Verse > Anthologies > Jessie B. Rittenhouse, ed. > The Little Book of Modern Verse
Jessie B. Rittenhouse, ed. (1869–1948).  The Little Book of Modern Verse.  1917.
121. Trumbull Stickney
By George Cabot Lodge
IN silence, solitude and stern surmise
  His faith was tried and proved commensurate
  With life and death. The stone-blind eyes of Fate
Perpetually stared into his eyes,
Yet to the hazard of the enterprise        5
  He brought his soul, expectant and elate,
  And challenged, like a champion at the Gate,
Death’s undissuadable austerities.
And thus, full-armed in all that Truth reprieves
  From dissolution, he beheld the breath        10
    Of daybreak flush his thought’s exalted ways,
While, like Dodona’s sad, prophetic leaves,
  Round him the scant, supreme, momentous days
    Trembled and murmured in the wind of Death.
There moved a Presence always by his side,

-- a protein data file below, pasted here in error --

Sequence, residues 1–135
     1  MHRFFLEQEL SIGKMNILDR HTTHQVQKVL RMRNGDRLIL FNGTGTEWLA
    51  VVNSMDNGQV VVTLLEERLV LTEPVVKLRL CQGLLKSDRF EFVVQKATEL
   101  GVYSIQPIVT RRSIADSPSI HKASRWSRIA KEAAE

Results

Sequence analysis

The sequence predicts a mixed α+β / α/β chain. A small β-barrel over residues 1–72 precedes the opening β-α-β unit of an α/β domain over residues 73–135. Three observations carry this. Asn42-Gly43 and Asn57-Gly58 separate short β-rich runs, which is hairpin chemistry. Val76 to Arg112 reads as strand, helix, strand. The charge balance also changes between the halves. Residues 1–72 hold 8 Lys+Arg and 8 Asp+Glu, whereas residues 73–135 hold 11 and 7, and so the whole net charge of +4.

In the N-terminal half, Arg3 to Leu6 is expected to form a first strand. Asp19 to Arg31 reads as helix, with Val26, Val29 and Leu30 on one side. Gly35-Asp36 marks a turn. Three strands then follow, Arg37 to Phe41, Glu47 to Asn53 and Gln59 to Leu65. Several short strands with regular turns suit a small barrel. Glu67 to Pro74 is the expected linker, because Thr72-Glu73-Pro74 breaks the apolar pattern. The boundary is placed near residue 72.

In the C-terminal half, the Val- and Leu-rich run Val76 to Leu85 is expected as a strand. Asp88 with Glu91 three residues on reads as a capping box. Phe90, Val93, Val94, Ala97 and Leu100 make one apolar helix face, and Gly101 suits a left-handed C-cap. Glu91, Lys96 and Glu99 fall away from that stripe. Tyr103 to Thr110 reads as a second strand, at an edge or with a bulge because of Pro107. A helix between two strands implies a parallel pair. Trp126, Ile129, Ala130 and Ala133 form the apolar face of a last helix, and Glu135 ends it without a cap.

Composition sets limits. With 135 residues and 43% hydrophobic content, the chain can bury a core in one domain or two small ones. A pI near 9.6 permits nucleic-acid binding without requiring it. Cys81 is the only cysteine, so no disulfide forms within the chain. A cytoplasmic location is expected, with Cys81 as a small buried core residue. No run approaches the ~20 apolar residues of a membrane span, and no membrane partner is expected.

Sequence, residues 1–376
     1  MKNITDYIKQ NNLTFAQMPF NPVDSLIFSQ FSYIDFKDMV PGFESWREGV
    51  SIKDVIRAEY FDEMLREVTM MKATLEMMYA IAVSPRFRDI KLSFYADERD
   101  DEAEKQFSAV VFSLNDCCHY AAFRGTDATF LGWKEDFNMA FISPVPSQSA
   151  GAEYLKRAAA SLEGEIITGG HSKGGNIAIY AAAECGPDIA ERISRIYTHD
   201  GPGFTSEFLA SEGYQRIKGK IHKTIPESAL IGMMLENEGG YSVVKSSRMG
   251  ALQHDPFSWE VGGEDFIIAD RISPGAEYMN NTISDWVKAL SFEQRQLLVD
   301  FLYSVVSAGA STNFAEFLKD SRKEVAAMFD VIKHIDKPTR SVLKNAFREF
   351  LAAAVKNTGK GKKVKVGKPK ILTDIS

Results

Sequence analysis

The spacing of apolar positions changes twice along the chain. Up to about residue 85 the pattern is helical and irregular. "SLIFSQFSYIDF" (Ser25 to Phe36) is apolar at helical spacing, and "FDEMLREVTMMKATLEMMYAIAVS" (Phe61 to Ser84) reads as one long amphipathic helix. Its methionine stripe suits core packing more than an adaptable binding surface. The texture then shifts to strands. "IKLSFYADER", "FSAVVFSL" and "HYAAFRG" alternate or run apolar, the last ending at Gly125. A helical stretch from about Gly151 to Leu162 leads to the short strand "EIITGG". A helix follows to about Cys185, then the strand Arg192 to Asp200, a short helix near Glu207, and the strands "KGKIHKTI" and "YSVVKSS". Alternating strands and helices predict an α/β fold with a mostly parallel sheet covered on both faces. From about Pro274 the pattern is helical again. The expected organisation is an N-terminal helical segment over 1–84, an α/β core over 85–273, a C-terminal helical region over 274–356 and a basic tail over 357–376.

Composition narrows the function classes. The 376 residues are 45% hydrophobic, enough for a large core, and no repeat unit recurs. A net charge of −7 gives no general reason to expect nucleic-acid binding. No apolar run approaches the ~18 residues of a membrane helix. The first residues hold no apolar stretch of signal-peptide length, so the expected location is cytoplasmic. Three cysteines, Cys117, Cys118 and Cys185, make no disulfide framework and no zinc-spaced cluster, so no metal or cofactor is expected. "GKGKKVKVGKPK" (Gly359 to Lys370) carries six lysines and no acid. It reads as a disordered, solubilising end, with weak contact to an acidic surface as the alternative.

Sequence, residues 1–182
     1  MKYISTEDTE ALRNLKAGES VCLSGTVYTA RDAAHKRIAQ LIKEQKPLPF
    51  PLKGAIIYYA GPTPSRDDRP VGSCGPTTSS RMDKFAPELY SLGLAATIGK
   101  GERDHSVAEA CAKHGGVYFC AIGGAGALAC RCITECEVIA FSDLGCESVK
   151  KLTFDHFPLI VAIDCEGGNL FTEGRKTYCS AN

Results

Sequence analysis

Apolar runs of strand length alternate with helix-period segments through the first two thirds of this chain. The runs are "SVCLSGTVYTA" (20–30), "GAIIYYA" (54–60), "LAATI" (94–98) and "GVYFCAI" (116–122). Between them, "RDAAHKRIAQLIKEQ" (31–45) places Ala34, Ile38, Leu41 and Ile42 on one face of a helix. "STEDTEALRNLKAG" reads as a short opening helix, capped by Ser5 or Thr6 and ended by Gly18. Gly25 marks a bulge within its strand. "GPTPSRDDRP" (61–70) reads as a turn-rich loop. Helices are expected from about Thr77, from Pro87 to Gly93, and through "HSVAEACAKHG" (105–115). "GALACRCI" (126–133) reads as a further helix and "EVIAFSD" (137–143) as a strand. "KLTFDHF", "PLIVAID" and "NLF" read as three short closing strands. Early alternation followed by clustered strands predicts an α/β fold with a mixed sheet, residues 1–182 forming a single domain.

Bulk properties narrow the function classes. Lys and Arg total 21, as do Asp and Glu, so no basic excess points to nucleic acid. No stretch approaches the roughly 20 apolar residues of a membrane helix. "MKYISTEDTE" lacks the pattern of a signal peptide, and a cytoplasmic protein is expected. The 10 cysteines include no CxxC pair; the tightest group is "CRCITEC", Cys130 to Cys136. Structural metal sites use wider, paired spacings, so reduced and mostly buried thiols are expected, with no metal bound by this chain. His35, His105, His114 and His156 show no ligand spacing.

With eyes of pleasure and passion and wild tears,
  And on her lips the murmur of many years,
And in her hair the chaplets of a bride;
And with him, hour by hour, came one beside,
  Scatheless of Time and Time’s vicissitude,        20
  Whose lips, perforce of endless solitude,
Were silent and whose eyes were blind and wide.
But when he died came One who wore a wreath
  Of star-light, and with fingers calm and bland
    Smoothed from his brows the trace of mortal pain;        25
And of the two who stood on either hand,
  “This one is Life,” he said, “And this is Death,
    And I am Love and Lord over these twain!”


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